SEATTLE ‒ Get ready for warts and all, rooting, dusting, and wallowing when some mighty fine swine headline Woodland Park Zoo this summer, presented by U.S. Bank and The Seattle Times. African warthogs, the wild pigs of the savanna, and critically endangered Visayan warty pigs, the punk rockers of the pig world native to central Philippines, will make their public appearance on May 5.
Domestic pigs have for many years been a crowd-pleaser at the zoo’s Family Farm, but the debut of the two new pig species will mark the first time that wild pigs will join the zoo.
Wild pigs live in highly social groups called sounders. A 1-year-old brother and sister from Zoo Atlanta will make up the sounder of warthogs at Woodland Park Zoo. The exhibit will take visitors to the moist and arid savannas of East Africa and is a part of the 4.5-acre, award-winning African Savanna that offers sweeping views dotted with giraffe, hippos, patas monkeys and lions.
The sounder of Visayan warty pigs, a 9-year-old and two 3-year-old females from Los Angeles Zoo, will make their home in a broadleaf tropical forest landscape that evokes the endangered species’ fragile habitat in the Philippines. The exhibit is located in the award-winning Elephant Forest near the elephant pool.
Warthogs jumped to fame when the character Pumbaa endeared itself to fans of Disney’s “The Lion King.” The animals earned their name from the large facial warts on each side of their tusks. “Warthogs are a common sight on the African savanna. They have long legs to escape predators and often are spotted sprinting very fast with their tails sticking straight up like little flagpoles,” noted Martin Ramirez, a mammal curator at Woodland Park Zoo.
Visayan warty pigs’ distinctive head tufts resemble a punk hairdo gelled with hair product. The punk look is even more prominent during breeding season when males erect both tuft and mane for a larger, impressive appearance.
In the wild, Visayan warty pigs have lost more than 95 percent of its forested range to logging and agriculture, are hunted for their meat and are killed by farmers as crop-raiding pests. According to Ramirez, only 12 institutions accredited by the Association of Zoos & Aquariums (AZA) exhibit the species. “Bringing Visayan warty pigs to the zoo gives us an amazing opportunity to introduce to our guests this animal whose status in the wild is so fragile and shed light on the important conservation efforts underway to help the population recover,” said Ramirez.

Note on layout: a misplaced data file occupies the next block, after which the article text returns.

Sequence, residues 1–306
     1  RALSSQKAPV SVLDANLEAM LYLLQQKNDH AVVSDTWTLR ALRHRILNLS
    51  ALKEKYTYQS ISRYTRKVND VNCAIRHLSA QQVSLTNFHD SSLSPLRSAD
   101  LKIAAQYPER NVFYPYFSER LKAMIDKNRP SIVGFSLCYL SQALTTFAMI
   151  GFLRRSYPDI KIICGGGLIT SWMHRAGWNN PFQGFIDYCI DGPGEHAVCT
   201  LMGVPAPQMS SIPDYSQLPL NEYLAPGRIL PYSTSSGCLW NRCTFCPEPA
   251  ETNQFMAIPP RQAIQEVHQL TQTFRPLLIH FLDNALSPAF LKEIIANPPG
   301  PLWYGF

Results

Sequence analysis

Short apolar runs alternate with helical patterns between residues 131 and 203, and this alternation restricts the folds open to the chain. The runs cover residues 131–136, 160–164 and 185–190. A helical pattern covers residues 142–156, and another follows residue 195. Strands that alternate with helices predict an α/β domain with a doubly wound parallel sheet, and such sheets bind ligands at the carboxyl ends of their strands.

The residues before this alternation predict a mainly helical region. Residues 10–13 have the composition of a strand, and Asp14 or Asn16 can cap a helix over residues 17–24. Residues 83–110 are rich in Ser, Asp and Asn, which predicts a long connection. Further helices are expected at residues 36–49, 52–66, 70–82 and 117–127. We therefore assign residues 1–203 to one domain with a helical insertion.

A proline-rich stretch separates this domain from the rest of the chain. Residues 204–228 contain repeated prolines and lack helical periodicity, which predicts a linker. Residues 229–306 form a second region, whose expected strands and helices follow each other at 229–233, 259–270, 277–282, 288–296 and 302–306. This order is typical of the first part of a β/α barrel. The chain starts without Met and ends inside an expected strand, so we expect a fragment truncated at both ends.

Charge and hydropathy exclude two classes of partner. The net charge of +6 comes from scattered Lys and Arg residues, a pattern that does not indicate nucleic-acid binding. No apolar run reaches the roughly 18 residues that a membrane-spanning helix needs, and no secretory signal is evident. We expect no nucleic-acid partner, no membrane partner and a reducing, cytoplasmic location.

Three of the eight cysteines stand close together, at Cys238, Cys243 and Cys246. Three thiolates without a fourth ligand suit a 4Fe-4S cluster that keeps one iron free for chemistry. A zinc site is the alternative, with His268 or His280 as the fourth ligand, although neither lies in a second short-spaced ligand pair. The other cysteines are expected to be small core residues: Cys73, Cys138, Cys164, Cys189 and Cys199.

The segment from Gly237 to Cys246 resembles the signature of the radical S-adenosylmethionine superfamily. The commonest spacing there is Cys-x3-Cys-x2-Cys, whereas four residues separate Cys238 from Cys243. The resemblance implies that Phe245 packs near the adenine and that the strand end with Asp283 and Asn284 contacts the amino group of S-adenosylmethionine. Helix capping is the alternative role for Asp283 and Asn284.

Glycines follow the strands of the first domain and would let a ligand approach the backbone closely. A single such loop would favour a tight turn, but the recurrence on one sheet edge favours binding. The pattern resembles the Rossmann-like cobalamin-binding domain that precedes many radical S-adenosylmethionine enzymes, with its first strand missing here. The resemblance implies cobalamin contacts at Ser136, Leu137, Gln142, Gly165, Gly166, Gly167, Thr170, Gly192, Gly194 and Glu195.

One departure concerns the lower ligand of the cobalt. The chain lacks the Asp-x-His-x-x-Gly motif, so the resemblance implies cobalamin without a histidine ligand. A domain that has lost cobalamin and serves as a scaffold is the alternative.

Keeper chats and hands-on activities focused on warty pigs and warthogs will be offered throughout the summer and are free with zoo admission.
Woodland Park Zoo is grateful to the following private supporters for bringing the warthogs and warty pigs to the zoo: Lily Pointe Family Foundation, True Family, an anonymous donor, Wild at Heart annual donors and zoo members.
The Visayan warty pigs and warthogs were sent to the zoo under a recommendation by the Species Survival Plan for both species. The zoo participates in 72 SSPs sponsored by AZA. Led by experts in husbandry, nutrition, veterinary care, behavior, conservation and genetics, AZA-accredited institutions manage each species as one population in North America to maximize genetic diversity, with the goal of ensuring the long-term survival of the population and the health of individual animals.
Woodland Park Zoo’s summer hours and programs kick off on May 1: 9:30 a.m. to 6:00 p.m. daily. Zoo admission May 1-September 30: Adult (13-64) id="mce_marker"7.75; Child (3-12) id="mce_marker"1.50 Free for children 2 and under year round. Active and retired U.S. military and their families, seniors and people with disabilities receive a discount and zoo members receive free zoo admission year round.
For more information or to become a zoo member, visit www.zoo.org. Or call 206.548.2500 or 548.2599 (TTY).